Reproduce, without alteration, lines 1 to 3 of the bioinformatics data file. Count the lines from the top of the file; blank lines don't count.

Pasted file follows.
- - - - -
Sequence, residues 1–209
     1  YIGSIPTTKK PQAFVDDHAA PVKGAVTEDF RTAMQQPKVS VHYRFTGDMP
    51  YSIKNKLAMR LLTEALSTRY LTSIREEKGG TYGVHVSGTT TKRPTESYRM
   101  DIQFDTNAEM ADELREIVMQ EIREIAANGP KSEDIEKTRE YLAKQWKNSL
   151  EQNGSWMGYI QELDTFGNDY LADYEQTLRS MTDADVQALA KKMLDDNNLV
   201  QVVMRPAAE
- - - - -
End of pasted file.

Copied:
Sequence, residues 1–209
     1  YIGSIPTTKK PQAFVDDHAA PVKGAVTEDF RTAMQQPKVS VHYRFTGDMP
    51  YSIKNKLAMR LLTEALSTRY LTSIREEKGG TYGVHVSGTT TKRPTESYRM